Danielle Pesqueira (advisor) with 2019 Mellon Summer Academy students: Vivian Change, Carolina Benitez, Brent Fong, Ariana Robles and Jackeline Lopez

Danielle Pesqueira (advisor) with 2019 Mellon Summer Academy students: Vivian Change, Carolina Benitez, Brent Fong, Ariana Robles and Jackeline Lopez, photo courtesy Hilary Walter

2019 Mellon Summer Academy Proposed Exhibition—Challenging Intent

August 13, 2019
秒速快3Hilary Walter, Manager of Academic Programs

LACMA recently hosted its fifth Mellon Summer Academy, a one-week, immersive experience in the museum that is a component of the Andrew W. Mellon Undergraduate Curatorial Fellowship Program, which is generously supported by The Andrew W. Mellon Foundation.

Each Summer Academy includes workshops with LACMA staff, tours, field trips, and networking events with museum professionals, as well as the opportunity for participants to work on their own curatorial projects based on photographs from LACMA’s Marjorie and Leonard Vernon Collection. In addition to considering the photographs for their show and organizing them around a theme or story, each group researched the artists and photos they picked and wrote gallery text for their exhibition. The culmination of the program resulted in each group identifying two key images for promotional purposes to market their show, producing object labels for those photographs, installing scaled images of their selected works in a model of a gallery space, and presenting their exhibition and programming ideas to the museum’s director, the donor’s family, and staff.

The 15 students in the 2019 Mellon Summer Academy were divided into three groups of five to co-curate their own virtual exhibitions. This is the second of three blogs taking a closer look at each group’s final presentation.

Challenging Intent: Selected Images from the Vernon Collection

“The camera should be used for a recording of life, for rendering the very substance and quintessence of the thing itself…”—Edward Weston

In the early 20th century, photography underwent an ideological shift in style, departing from the then-popular mode of Pictorialism and into a new age of Modernist photography. In this emerging genre, images for the sake of beauty were abandoned for literal documentation of reality. This shift was particularly important to the Group f/64, a collective of West Coast photographers whose manifesto proclaimed, “...the Group will show no work at any time that does not conform to its standards of pure photography. Pure photography is defined as possessing no qualities of technique, composition or idea, derivative of any other art form.”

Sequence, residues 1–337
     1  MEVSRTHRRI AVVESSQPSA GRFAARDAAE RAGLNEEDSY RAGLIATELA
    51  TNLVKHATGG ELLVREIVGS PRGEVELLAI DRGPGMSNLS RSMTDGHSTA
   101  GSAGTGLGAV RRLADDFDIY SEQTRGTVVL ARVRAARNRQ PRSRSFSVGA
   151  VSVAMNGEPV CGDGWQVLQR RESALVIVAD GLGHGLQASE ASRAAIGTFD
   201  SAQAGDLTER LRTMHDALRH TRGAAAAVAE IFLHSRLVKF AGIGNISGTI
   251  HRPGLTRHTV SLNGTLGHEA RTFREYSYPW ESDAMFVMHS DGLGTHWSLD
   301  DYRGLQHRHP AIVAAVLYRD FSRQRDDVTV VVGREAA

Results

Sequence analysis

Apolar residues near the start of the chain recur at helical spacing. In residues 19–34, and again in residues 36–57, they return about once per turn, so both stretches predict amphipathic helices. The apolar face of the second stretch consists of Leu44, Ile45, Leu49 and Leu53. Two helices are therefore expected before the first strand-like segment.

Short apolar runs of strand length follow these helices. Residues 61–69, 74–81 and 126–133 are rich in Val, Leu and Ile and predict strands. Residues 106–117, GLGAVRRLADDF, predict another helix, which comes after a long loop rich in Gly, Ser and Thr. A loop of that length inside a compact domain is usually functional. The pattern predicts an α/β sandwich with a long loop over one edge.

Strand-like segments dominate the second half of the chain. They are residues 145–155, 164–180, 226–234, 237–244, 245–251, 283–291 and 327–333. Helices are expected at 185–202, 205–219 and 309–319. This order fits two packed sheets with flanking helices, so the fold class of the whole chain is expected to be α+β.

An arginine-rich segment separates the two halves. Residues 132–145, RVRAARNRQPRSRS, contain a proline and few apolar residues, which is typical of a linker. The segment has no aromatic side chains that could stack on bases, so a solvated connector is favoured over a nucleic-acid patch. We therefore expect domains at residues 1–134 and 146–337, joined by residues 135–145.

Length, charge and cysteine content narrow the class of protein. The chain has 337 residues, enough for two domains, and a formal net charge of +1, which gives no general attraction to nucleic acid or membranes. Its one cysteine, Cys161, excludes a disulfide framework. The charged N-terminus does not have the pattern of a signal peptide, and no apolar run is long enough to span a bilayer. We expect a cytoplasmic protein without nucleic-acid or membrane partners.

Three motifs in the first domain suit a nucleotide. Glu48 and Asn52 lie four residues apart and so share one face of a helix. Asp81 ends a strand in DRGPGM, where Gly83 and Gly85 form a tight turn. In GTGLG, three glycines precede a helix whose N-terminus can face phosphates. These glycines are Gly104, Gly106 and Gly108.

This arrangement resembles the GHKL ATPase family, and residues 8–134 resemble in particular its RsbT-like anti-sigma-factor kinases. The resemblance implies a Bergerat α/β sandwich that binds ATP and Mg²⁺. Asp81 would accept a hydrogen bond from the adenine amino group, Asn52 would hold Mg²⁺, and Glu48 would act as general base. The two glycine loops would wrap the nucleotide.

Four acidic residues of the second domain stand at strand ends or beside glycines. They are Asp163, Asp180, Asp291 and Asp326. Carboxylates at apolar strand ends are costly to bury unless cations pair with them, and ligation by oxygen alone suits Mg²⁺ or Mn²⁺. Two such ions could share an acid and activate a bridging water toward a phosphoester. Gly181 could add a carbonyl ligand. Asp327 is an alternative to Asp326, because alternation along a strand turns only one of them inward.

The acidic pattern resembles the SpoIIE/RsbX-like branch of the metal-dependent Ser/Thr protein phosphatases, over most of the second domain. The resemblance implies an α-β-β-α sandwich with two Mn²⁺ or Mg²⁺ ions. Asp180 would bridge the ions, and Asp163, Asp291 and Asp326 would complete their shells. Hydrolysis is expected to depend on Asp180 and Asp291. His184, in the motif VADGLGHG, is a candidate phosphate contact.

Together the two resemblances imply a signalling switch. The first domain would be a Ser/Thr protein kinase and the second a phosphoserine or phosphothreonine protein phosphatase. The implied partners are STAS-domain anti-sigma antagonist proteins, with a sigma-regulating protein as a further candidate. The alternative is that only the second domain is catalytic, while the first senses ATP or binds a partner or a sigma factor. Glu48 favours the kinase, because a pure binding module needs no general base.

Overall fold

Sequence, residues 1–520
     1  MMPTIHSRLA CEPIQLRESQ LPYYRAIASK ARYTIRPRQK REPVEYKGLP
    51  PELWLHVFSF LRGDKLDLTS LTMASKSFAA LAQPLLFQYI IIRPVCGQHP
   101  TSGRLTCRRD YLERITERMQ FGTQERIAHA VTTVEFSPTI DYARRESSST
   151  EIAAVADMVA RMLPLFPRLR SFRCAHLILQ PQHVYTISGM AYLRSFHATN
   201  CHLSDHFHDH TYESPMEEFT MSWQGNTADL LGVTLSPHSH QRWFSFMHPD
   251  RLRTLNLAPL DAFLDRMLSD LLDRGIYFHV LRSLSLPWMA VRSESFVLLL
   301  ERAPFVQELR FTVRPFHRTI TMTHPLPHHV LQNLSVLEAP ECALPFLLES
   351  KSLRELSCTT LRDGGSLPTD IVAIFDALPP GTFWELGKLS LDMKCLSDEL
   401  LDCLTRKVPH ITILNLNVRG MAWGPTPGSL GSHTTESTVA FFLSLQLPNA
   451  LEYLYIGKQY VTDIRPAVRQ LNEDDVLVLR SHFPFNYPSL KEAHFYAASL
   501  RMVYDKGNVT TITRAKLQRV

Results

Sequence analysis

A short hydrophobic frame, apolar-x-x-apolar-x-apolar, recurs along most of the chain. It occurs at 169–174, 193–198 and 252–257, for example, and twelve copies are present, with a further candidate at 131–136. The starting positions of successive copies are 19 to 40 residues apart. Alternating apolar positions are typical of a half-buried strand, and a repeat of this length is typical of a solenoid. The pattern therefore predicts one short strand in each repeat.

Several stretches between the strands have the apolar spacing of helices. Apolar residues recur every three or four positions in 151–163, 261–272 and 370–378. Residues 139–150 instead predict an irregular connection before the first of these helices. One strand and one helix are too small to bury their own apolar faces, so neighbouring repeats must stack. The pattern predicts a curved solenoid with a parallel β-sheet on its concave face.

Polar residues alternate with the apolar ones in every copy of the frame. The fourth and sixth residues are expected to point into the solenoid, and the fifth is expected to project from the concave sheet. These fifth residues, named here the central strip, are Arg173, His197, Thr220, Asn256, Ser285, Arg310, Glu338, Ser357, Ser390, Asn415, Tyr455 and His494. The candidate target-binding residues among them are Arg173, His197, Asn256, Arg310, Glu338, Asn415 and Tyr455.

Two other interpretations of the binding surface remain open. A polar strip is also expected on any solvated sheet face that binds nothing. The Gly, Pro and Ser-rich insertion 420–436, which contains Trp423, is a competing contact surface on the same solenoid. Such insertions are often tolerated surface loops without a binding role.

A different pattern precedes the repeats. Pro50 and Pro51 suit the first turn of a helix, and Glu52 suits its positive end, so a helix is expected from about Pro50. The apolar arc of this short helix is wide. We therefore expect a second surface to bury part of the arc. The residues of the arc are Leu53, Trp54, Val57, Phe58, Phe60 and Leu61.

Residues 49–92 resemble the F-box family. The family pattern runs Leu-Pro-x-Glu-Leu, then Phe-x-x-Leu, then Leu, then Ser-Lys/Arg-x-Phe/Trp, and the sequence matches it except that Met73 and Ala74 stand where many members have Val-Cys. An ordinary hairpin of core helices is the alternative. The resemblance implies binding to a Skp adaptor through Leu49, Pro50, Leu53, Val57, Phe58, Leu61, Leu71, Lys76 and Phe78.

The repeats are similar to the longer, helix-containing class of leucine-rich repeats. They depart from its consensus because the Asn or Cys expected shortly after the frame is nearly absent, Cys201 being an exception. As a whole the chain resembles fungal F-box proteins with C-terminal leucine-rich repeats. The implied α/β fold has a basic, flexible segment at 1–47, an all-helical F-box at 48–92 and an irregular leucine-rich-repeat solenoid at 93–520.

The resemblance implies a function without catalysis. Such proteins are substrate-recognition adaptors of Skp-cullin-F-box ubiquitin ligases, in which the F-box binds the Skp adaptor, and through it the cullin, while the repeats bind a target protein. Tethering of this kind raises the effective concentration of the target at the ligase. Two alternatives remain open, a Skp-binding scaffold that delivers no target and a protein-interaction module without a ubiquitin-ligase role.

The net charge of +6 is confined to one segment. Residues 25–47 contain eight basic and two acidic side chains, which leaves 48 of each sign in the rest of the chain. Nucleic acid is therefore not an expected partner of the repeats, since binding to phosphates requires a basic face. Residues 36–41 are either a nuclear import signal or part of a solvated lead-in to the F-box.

Key American artists whose work represents this theoretical shift—such as Man Ray and Berenice Abbott, along with Group f/64—are prominently featured in this exhibition. Challenging Intent questions their strictly literal images by exploring the mystery and intrigue therein. Human nature prompts us to explore this otherworldliness in a range of spaces—including natural, urban, and domestic environments. This intimate selection of photos provokes a human desire for answers, missing narratives, and the unknown.

William Edward Dassonville, Ropes Between Boats, 1920s, Los Angeles County Museum of Art, The Marjorie and Leonard Vernon Collection, gift of The Annenberg Foundation, acquired from Carol Vernon and Robert Turbin, © Estate of William E. Dassonville
William Edward Dassonville, Ropes Between Boats, 1920s, Los Angeles County Museum of Art, The Marjorie and Leonard Vernon Collection, gift of The Annenberg Foundation, acquired from Carol Vernon and Robert Turbin, © Estate of William E. Dassonville

Proposed Public Programming for this Exhibition

Challenging Artmakers:秒速快3 A conversation between Peter Tush, Education Curator and professor at the University of South Florida and Lisa Hostetler, Curator of Photography at the George Eastman Museum. This event would feature the works on view and how they either contradict or agree with the ideals held by the collective. The big question: Is it appropriate to question art? Is it important?

Art Class: Gelatin print demonstration for young adults ages 15 to 25. The class would encourage a stronger foundation and appreciation for photographic prints.

Elementary School Tour: Tour of the exhibition for children ages 8 to 12. The tour would focus on light and shape, and question how those elements change how you look at and interpret an image. Students will be encouraged to draw their own images inspired by the works on view.

Teen Tour: Tour of the exhibition geared toward high-schoolers. A more direct survey of the concepts brought up by the main gallery text, participants will discuss how image making differs from other forms of artistic expression. The tour will also address the deeper concepts and sub-concepts that emerge from comparing and contrasting the works on view.

The 2019 Mellon Summer Academy group presenting their exhibition idea to the museum's director, the donor's family, and LACMA staff, photo © Museum Associates/LACMA
The 2019 Mellon Summer Academy group presenting their exhibition idea to the museum's director, the donor's family, and LACMA staff, photo © Museum Associates/LACMA

Visit LACMA’s website for more information about the Andrew W. Mellon Undergraduate Curatorial Fellowship Program. Stay tuned for a look at the final exhibition idea presented during the 2019 Mellon Summer Academy.

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